In 2004 I left Hambastegi to join the newspaper Tose’e. Like Hambastegi, this newspaper had also changed managing editors over time and it started with a new team before the 2005 presidential election. On the eve of the election and with this new team in place, the paper’s coverage was punchier. It published more detailed news about political prisoners and sensitive groups like the National Front or the Council of Nationalist-Religious Activists. One whole page was devoted to news about human rights.
The newspaper even published pictures and stories about Ayatollah Montazeri and critical figures such as Ebrahim Yazdi; it covered the calls for a wholesale boycott of the 2005 presidential election. Part of the reason for this was that the authorities, as ever, loosened their grip around the campaign period. A more lively media encourages voter participation, and that has always mattered to the state.
The Views of Ayatollah Khamenei on Etemad-e Melli Columnists
After Ahmadinejad was elected president, the opposition figure Mehdi Karroubi founded the Etemad-e Melli (National Trust) party and a newspaper with the same name. At the time, Karroubi had good relations with the supreme leader, and the atmosphere at Etemad-e Melli felt safer than other newspapers. Interestingly, the supreme leader occasionally shared his views with Karroubi, during their personal meeting, on columns written by various political figures. In certain cases, this resulted in them gently being asked to contribute less frequently.
Etemad-e Melli also published columns written by a number of writers and journalists living outside Iran, something that in these days is almost impossible for Iranian newspapers to do.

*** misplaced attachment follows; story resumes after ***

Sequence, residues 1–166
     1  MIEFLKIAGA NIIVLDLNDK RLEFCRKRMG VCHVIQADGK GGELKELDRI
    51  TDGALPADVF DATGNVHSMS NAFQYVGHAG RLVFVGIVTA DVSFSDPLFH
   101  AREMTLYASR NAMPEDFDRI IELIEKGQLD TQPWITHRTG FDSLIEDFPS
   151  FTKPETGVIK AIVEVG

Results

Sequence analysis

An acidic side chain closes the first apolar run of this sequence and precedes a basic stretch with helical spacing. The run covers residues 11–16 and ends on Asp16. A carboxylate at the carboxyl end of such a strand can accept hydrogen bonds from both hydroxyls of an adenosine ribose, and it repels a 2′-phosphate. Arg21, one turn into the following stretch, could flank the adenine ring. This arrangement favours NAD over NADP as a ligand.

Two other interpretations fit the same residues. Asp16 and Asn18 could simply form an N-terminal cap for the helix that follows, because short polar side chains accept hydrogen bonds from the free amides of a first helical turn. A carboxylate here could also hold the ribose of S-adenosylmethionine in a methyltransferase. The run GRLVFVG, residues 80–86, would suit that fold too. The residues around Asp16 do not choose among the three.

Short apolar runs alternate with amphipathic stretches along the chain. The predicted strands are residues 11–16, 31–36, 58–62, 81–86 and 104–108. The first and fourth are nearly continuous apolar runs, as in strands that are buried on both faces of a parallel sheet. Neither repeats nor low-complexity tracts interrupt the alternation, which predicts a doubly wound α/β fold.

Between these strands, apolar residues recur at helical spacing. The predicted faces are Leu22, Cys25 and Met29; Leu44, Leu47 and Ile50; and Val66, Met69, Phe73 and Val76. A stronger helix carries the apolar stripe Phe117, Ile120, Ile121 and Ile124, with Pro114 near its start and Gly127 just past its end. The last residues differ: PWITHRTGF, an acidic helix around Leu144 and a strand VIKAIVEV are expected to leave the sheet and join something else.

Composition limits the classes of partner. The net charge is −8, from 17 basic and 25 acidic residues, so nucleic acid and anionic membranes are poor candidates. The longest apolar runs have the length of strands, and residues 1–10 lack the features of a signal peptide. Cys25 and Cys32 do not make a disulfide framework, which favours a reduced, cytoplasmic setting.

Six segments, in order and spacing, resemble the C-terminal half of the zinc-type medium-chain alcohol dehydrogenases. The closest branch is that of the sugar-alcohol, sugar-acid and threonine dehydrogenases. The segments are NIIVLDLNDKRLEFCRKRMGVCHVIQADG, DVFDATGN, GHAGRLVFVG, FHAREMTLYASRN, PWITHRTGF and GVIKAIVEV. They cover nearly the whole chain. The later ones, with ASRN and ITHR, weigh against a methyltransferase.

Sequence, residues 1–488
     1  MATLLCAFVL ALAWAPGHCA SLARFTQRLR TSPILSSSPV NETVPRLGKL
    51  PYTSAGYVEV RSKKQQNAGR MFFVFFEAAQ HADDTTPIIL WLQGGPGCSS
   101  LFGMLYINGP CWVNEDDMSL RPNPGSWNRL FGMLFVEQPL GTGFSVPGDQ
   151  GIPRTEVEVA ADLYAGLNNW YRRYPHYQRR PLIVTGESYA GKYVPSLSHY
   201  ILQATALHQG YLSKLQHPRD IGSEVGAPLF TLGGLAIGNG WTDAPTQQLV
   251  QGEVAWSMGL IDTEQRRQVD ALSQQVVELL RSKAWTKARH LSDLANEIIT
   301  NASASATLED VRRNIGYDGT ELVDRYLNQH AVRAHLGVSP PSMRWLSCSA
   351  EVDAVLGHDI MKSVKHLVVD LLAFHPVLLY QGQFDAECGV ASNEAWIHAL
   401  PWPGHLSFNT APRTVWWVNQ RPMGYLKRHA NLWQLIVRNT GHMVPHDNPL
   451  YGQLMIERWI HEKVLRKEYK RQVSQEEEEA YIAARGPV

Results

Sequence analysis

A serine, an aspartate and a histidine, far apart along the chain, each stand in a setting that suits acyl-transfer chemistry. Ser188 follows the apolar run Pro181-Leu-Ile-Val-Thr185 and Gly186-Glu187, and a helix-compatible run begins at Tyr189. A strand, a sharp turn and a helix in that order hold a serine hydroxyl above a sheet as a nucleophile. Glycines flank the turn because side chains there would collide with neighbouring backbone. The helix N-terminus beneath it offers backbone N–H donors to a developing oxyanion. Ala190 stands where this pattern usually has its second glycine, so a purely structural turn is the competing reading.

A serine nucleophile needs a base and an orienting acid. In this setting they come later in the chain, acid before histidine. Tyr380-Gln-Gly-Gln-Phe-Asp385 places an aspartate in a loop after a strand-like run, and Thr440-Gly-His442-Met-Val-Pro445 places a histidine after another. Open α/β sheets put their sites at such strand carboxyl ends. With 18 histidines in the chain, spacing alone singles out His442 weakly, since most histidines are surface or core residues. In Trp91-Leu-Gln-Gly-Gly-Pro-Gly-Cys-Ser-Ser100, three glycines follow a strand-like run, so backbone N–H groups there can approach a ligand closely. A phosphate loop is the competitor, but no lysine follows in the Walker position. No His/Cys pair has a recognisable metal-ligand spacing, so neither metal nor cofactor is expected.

But even then, there were certain clerical figures, dissidents, whose views were unwelcome. We were forced to heavily redact a news story about a speech given by Mohsen Kadivar at the home of Abdollah Nouri. At first, the text filled one page of the newspaper, but an editor removed one-fourth of the page; then another editor removed a further fourth. In the end the report was reduced to one-fourth of the original page, a fragmented narrative of the speech that made so little sense that the editors decided to drop the piece completely. One of the editors kept a copy of this page as a memento.
For me and a number of colleagues, what was even more painful than censorship as a result of the regime’s sensitivities was censorship that arose in-house. Once I wrote a column entitled “Trepidations of A Revolutionary Sheikh” that mentioned Behzad Nabavi, a member of the Mojahedin of the Islamic Revolution of Iran Organization who was disqualified from running for various parliamentary elections. Karroubi objected to the article and summoned me to his office. During our meeting, I noticed that a member of his party also present had circled passages that referred to the Mojahedin Organization in red. Party politics was the censoring hand, not the state.
After the 2009 Election
After the 2009 presidential election, I served as parliamentary correspondent for the newspaper Farhikhtegan. In the early days it was possible to publish news about protests against the election results or the widespread arrests, but after a while such news was totally banned. The ban included even reports from the parliament itself that related to protests against the election results.